Ukrainians, although related to the Russians and Belarusians, are a people with a distinct language, culture and historical experience, which separate them from their near neighbors. Imperial (tzarist) Russian historiographers and, at times, their Soviet successors, repeatedly attempted to subsume them, referring to Ukrainians as “Little Russians.” These scholars tried to appropriate entirely the patrimony of Kyivan Rus’, banning the Ukrainian language and literature, even asserting there never was and never would be a Ukrainian nation. This assimilationist Russification project failed, despite several centuries of effort. Easily accessed from west or east, much of Ukraine was ravaged over the centuries by various invasions, notably those of the Mongol-Tatars, who sacked Kyiv in 1241. Subsequently, despite Polish, Lithuanian, Tatar, and even Swedish interventions, it was Muscovy that became the dominant regional power, as the Russian empire expanded south. Resistance to foreign occupation was offered primarily by Ukrainian cossacks, notably during the campaigns of the great leader, or hetman, Bohdan Khmelnytsky (1595–1657). By 1795, however, Ukraine was fully occupied and partitioned, most held by the tzarist Russian Empire with a portion in the southwest under Austro-Hungarian control. Several attempts were made to reassert Ukrainian independence in World War I, particularly between 1917 and 1921. Eventually, western Ukrainian territories were incorporated into interwar Poland, Czechoslovakia, and Romania, while the remainder of the country fell under Soviet rule, with various territorial realignments subsequently precipitated by the Nazi-Soviet pact (1939–41) and their later falling-out. Ironically, Ukrainian lands were finally reunited under Soviet hegemony after the war, with the peninsula of Crimea appended in 1954 by Nikita Khrushchev, a symbolic “gift” from the Russian people to the Ukrainians celebrating 300 years of allegedly “fraternal” association. Before, during, and after the war, despite severe repression, national liberation movements contested foreign domination. In the postwar period , political and religious dissidents likewise challenged the Soviet state.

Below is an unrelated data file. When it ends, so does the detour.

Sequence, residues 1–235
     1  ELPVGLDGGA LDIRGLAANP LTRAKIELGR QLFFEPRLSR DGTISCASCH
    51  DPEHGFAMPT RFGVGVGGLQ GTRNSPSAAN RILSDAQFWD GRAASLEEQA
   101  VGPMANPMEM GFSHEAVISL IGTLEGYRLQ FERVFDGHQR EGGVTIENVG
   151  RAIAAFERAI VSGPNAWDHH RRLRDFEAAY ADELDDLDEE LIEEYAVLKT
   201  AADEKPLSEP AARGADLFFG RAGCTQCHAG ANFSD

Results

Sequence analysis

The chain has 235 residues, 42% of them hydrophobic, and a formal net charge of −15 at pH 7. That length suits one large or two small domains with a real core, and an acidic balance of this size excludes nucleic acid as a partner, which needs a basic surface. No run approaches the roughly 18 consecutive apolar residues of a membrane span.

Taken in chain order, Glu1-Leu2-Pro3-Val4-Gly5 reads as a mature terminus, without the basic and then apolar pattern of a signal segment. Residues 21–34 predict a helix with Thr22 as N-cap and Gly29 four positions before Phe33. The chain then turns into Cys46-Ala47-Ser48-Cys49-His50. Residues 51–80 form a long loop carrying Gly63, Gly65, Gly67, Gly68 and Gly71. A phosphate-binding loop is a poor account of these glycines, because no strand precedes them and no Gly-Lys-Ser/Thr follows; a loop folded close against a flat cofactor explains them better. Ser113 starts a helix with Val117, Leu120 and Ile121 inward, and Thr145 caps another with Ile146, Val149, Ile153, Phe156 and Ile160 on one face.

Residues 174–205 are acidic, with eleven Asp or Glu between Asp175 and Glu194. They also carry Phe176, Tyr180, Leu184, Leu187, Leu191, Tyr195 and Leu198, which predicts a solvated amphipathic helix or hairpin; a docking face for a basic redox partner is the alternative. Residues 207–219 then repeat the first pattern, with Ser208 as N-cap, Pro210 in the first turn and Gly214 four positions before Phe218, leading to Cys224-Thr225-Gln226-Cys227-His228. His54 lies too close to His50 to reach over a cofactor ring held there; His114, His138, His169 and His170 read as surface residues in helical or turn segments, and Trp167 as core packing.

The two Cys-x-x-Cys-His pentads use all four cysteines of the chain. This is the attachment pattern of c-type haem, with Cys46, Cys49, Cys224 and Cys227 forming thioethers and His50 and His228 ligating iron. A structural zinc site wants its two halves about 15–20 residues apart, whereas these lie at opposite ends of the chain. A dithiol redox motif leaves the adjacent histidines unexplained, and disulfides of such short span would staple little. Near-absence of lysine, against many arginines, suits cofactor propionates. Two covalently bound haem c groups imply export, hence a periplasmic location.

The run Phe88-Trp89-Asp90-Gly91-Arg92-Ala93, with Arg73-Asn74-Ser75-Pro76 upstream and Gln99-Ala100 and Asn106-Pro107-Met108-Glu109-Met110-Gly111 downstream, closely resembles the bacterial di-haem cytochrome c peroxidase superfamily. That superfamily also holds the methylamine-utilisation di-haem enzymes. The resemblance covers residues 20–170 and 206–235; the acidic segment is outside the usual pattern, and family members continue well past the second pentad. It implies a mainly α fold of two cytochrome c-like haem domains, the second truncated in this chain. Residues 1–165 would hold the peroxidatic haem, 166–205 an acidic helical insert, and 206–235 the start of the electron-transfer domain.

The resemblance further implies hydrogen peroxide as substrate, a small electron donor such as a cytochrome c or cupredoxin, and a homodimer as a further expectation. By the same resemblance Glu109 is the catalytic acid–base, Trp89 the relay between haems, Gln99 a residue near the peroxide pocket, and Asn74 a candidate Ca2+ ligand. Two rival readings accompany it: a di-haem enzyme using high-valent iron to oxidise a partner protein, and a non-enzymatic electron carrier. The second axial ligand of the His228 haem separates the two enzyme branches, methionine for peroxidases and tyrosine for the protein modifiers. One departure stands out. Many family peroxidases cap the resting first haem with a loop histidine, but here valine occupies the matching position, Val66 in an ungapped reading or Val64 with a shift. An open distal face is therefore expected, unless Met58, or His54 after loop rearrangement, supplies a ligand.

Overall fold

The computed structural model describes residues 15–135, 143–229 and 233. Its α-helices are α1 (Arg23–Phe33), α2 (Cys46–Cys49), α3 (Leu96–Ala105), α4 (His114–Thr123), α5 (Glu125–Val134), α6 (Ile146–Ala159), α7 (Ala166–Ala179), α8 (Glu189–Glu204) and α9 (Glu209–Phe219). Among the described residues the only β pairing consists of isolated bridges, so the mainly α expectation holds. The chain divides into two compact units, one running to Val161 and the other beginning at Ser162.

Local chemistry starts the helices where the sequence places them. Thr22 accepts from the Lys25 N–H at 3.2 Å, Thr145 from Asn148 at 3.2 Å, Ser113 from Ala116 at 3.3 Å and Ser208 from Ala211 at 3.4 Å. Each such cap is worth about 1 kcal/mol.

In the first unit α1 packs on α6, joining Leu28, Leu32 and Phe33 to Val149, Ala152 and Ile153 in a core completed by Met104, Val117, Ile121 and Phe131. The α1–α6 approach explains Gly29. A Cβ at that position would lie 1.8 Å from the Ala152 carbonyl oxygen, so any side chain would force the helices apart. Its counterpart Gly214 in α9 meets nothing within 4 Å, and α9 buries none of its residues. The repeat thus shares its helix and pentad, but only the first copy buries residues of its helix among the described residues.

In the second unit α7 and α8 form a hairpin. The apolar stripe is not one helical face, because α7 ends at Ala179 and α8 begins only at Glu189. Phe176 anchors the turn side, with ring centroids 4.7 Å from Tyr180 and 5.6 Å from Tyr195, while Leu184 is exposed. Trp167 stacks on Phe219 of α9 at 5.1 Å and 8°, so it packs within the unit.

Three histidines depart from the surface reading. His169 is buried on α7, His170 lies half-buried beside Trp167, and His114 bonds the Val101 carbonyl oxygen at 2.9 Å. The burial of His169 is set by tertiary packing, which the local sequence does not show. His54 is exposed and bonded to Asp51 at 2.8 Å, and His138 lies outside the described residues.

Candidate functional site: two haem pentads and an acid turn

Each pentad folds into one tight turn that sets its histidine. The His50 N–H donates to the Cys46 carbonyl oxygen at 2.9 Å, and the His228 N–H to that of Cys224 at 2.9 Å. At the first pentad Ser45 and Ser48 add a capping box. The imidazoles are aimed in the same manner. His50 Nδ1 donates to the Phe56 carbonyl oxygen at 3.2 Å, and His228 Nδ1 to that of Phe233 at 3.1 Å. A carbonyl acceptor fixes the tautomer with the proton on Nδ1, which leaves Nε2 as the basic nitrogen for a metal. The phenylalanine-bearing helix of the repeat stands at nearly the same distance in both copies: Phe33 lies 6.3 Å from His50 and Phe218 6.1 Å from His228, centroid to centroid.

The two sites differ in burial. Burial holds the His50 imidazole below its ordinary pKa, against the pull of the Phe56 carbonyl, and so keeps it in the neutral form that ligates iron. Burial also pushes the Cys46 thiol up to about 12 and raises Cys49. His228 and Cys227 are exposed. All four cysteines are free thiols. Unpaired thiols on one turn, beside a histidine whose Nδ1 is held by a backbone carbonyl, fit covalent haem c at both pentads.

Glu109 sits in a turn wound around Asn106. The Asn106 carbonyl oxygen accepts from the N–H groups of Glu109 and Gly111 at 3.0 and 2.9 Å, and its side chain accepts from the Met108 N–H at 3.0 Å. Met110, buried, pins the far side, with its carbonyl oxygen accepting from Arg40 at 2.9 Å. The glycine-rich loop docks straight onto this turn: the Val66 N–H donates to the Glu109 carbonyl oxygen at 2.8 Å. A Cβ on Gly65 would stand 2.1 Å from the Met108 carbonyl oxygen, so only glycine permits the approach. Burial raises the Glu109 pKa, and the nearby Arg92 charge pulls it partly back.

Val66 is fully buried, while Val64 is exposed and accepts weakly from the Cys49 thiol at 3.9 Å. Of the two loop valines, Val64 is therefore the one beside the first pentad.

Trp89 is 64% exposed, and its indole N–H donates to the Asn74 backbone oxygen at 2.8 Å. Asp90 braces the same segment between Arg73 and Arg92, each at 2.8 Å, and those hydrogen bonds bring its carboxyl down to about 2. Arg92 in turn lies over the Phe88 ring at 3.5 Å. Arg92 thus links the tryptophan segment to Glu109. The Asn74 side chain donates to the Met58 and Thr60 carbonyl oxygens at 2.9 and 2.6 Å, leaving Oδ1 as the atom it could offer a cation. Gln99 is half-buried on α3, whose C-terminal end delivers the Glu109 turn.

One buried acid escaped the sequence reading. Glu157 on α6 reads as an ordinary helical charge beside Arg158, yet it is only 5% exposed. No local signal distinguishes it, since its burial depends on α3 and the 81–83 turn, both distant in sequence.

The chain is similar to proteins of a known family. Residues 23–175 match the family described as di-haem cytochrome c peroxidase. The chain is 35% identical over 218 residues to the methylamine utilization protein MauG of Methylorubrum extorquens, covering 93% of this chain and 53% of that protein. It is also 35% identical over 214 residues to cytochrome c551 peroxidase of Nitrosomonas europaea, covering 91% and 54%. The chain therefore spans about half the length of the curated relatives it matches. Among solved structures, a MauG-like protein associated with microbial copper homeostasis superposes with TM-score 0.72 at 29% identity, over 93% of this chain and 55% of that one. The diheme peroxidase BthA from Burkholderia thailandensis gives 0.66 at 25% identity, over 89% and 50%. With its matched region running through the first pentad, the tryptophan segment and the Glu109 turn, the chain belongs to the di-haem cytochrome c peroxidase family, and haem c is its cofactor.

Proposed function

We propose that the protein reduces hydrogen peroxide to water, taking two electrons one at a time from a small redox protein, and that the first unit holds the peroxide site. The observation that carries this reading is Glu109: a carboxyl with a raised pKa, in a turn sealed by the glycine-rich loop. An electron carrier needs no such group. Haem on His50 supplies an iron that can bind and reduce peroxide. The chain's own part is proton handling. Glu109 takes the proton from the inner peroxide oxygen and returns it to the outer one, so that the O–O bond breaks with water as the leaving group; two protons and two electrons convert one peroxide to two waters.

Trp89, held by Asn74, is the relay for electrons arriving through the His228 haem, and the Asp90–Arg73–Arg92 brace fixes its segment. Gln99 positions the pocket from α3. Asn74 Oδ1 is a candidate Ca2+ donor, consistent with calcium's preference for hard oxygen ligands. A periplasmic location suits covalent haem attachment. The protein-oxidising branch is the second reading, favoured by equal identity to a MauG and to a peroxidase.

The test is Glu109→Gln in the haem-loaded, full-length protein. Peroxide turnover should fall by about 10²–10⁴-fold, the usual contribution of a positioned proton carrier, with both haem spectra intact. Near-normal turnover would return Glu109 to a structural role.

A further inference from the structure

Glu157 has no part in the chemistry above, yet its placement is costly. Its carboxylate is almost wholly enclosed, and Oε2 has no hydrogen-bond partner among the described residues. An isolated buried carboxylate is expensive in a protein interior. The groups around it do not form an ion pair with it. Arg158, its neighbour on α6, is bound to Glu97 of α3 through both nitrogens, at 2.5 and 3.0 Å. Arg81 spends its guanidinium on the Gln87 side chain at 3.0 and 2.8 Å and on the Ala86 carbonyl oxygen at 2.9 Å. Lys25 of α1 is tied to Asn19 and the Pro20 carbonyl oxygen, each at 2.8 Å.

EFFECTS OF WORLD WARS
Ukraine’s rich natural resources were exploited and its population massacred or enslaved during both world wars. In World War II, Ukraine lost more of its people than any other nation in Nazi-occupied Europe. Those losses further weakened demographically a nation that had already suffered many millions of deaths during the genocidal Great Famine (or Holodomor) of 1932–33, a Stalinist crime against humanity. Environmental degradation further soiled Ukraine during the Soviet period, particularly after the catastrophic nuclear disaster at Chernobyl in April 1986. Political corruption, a weak civil society, declining birth rates, out-migration and a failure to undo the consequences of communism, coupled with resurgent Russian pretensions over the fate of Ukraine, currently threaten the country’s stability and even independence. Today, Ukraine remains a post-genocidal society unable to fully regain its place in Europe because of the crippling legacy of its most recent past yet undeniably determined to reintegrate itself within the folds of European civilization. Until 2004, political corruption, a seemingly weak civil society, declining birth rates, out-migration, and a failure to undo the consequences of Communism, coupled with resurgent Russian pretensions to Ukrainian territories, threatened the country’s stability and even independence. Then, remarkably, following the Orange Revolution—massive, peaceful protests against fraudulent election results, coupled with unprecedented international attention focused on Ukraine—it became clear that despite the crippling legacy of living in a postgenocidal society, Ukrainians were united in wanting to recover their country’s rightful place in Europe. And so, finally, freedom came to Ukraine.